Trees? How do trees connect with the strength of a land?
Rashi recognises the problem and, quoting earlier sources as usual (BB 15a), says that trees are symbolic of human beings.
Moses’ question was not really about the vegetation but a deeper issue: in Rashi’s words, “Whether there is amongst the inhabitants an honourable man who will protect them by his merit like a tree protects people by its shade”.
What gives a country its quality is not its trees and flowers – not that these are not important assets – but its citizens. If a country has high-minded people, thinkers, visionaries, men and women of faith and conscience who guard the ethos and ethics of the nation, the people are safe.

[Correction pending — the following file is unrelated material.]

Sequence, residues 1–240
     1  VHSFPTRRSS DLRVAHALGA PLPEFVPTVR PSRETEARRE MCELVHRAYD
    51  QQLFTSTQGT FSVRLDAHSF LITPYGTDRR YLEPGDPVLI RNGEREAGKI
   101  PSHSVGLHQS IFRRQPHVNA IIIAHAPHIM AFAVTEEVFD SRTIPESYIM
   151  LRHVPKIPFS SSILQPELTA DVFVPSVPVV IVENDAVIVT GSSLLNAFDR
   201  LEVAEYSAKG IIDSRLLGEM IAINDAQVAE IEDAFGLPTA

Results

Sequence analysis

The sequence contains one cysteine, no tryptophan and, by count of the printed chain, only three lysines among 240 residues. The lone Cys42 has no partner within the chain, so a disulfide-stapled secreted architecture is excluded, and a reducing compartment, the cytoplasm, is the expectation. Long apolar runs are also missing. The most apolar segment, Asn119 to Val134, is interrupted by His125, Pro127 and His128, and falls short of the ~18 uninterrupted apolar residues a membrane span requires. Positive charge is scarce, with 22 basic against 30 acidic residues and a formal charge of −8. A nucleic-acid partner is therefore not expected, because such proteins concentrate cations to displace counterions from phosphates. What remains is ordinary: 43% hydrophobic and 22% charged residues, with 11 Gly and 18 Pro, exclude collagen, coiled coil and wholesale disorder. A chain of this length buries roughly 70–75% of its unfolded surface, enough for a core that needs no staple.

Tragically it must be said that our present generation is sadly lacking in “trees”. We have plenty of mediocrities, some of them even impressive administrators, shrewd negotiators and political manipulators, some of them great masters of oratory and rhetoric, but all too few people of integrity, faith and wisdom, able to inspire great dreams and enable great deeds.
The sages say that when there is a tzaddik in the city, “he is its glory, he is its splendour, he is its crown” (Rashi on Gen. 28:10).